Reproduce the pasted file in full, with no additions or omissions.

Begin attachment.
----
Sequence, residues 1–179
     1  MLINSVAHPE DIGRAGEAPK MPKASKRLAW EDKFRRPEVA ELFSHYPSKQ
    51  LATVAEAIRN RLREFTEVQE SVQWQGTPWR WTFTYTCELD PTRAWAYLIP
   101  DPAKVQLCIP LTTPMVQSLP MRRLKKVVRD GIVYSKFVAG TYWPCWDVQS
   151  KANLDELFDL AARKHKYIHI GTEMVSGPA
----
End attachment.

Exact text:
Sequence, residues 1–179
     1  MLINSVAHPE DIGRAGEAPK MPKASKRLAW EDKFRRPEVA ELFSHYPSKQ
    51  LATVAEAIRN RLREFTEVQE SVQWQGTPWR WTFTYTCELD PTRAWAYLIP
   101  DPAKVQLCIP LTTPMVQSLP MRRLKKVVRD GIVYSKFVAG TYWPCWDVQS
   151  KANLDELFDL AARKHKYIHI GTEMVSGPA